Preparations for the death of Queen Elizabeth II have been ready for decades and her coffin, in which she travelled first from Balmoral to Edinburgh. And then onto London where she will lie in state until her funeral Monday 19 September.
Her Majesty’s casket is the similar to the one used for her late husband Prince Philip, the Duke of Edinburgh, who passed away last year, and made by the same specialist firm. The coffin was constructed in a similar fashion that has been used for members of the Royal Family and English nobility for over four centuries. Bathroom Shower Glass Door
The United Kingdoms longest-reigning monarch will be entombed in a coffin made of English oak with brass fitments and lined with lead. According to the Telegraph, it was originally built by the specialist firm Henry Smith over three decades ago. The records of the exact date that the casket was made were lost when Henry Smith was taken over by another firm in 2005.
Since its manufacture, it has been in storage under the care of two different firms who have been responsible for royal funerals. First JH Kenyon Ltd, which handled the funeral for Queen Elizabeth’s father King George VI in 1952, and then Leverton and Sons, which has had the responsibility since 1991. When Leverton and Sons took over care of the coffin the brass handles required replacement as it had already been in storage for an extended period of time prior.
The Coffin is really two-in-one, with the internal portion lead poured over a simple inner wood coffin. That is then placed inside the outer casket made of English oak, which in the case of royal coffins traditionally comes from the Sandringham estate. However, because the records of its construction were lost the source of the oak cannot be confirmed.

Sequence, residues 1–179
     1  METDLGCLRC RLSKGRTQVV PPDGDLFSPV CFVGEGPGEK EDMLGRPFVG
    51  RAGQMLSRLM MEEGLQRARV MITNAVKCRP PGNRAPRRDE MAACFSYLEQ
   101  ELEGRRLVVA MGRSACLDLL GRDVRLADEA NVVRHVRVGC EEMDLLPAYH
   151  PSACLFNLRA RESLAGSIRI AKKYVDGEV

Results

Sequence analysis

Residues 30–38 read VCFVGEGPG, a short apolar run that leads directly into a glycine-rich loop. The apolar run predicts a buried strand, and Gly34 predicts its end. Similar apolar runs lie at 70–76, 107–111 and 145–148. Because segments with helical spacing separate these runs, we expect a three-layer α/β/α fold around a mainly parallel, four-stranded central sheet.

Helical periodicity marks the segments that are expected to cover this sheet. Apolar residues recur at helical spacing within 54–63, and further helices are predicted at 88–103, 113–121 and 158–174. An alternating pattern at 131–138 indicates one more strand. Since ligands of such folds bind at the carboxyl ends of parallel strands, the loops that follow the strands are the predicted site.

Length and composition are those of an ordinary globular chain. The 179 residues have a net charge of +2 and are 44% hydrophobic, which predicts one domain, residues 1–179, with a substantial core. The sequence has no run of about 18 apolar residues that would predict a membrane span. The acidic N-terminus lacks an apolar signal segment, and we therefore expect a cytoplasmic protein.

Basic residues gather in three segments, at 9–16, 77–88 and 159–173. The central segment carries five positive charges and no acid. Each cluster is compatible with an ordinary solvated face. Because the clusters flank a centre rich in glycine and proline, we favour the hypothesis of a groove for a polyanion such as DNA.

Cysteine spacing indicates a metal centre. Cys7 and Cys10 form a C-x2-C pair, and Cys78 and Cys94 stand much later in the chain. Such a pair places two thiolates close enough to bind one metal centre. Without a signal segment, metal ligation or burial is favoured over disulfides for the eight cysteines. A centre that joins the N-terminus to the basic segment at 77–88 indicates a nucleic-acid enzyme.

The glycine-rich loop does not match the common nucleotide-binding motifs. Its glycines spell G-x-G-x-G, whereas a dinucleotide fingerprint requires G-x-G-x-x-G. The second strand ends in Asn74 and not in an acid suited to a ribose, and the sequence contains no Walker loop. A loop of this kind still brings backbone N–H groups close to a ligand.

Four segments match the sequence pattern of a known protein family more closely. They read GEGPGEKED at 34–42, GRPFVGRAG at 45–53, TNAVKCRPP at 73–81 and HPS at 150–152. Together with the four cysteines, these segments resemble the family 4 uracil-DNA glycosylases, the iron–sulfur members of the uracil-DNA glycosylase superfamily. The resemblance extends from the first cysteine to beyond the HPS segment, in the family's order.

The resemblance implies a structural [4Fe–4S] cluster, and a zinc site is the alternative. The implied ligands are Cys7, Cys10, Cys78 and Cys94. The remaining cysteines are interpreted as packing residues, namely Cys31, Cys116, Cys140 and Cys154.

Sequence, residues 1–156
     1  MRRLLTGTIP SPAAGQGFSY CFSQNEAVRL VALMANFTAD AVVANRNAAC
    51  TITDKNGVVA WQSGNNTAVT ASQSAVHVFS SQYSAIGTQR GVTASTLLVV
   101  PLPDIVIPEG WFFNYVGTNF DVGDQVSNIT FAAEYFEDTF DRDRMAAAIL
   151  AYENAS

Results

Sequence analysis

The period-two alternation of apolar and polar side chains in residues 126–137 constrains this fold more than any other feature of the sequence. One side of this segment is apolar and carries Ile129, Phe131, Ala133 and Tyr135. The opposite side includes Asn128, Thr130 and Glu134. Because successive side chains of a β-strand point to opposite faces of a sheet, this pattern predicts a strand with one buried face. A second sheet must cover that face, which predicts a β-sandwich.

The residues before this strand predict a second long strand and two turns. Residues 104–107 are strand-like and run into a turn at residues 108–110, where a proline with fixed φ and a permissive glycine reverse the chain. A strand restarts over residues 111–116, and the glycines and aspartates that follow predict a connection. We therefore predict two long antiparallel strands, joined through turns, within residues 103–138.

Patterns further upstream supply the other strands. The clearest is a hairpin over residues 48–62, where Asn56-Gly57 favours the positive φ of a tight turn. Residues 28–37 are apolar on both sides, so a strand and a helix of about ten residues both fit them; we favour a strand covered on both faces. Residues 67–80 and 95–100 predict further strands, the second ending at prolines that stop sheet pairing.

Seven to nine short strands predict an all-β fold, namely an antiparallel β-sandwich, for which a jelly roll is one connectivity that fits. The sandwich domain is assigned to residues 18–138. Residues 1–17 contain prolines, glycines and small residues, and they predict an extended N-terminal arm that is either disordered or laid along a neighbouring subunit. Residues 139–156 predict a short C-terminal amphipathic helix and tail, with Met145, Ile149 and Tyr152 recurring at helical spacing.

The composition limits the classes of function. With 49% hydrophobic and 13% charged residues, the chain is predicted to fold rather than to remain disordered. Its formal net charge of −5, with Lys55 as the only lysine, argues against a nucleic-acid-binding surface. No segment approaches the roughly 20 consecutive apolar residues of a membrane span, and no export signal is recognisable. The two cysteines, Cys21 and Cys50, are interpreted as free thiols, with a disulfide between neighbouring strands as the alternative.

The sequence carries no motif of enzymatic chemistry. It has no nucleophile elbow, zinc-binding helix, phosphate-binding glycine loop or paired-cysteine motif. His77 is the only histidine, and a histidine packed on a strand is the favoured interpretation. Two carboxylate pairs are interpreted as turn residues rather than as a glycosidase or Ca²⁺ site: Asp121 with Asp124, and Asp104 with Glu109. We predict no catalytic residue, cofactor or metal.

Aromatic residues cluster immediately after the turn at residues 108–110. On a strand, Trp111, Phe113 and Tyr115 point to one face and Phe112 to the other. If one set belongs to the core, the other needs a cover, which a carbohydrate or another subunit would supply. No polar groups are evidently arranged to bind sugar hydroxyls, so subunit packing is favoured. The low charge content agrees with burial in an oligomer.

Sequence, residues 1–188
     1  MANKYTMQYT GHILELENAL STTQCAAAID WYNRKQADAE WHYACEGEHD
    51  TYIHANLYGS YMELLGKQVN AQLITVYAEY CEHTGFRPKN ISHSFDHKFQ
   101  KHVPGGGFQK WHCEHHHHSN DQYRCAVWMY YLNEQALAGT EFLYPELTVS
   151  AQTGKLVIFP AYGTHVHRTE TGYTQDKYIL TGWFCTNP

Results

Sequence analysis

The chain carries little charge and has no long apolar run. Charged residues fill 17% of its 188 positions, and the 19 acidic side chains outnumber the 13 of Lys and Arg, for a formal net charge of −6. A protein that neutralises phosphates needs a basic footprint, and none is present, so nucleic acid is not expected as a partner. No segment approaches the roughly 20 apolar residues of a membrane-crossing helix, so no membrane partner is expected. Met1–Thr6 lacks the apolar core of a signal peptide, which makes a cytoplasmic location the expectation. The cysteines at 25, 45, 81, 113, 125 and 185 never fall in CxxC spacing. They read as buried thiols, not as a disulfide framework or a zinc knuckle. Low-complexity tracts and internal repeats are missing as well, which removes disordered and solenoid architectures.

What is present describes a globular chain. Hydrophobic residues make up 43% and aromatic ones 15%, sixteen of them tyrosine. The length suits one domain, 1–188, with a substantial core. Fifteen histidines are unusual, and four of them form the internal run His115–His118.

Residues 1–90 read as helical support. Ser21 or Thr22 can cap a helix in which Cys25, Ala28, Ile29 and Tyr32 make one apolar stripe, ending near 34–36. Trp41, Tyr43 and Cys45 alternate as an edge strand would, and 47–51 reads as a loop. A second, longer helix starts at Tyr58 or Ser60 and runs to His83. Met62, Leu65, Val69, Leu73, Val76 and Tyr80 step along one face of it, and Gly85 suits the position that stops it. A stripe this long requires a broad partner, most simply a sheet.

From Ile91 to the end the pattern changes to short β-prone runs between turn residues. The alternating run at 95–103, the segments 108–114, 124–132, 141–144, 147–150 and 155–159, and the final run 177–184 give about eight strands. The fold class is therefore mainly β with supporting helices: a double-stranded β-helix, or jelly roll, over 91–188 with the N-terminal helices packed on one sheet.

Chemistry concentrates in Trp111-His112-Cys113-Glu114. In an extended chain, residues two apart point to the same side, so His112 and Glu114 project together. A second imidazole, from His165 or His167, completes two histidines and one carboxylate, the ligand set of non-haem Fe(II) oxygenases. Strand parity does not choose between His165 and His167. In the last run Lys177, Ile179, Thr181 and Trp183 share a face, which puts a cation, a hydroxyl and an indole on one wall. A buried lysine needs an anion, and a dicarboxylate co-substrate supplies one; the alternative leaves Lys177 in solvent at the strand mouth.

The combination of materials used to make Her Majesty’s coffin mean that it is much heavier than a normal coffin. It requires eight pallbearers, which will be from the Armed Forces, to carry it instead of the normal six.
The practice of encasing Royal Family members in lead coffins dates back hundreds of years at least to Queen Elizabeth I. Using lead allows the casket to be sealed, keeping out moisture and slows the decomposition process for up to a year longer than would normally occur.
Since lead doesn’t decay, the airtightness of the casket is not compromised which also keeps any smells and gases from escaping. Both qualities are important when interring a body above ground as will be the case with Queen Elizabeth II at her final resting place in the royal vault called King George VI Memorial Chapel.
Her husband Prince Philip’s casket will be moved from the Royal Vault beneath St George’s Chapel to lie next to her.
Queen Elizabeth's 4 Children Stand Solemn Vigil at Their Mother's Coffin in Historic Moment pic.twitter.com/TKpg0MDfRI
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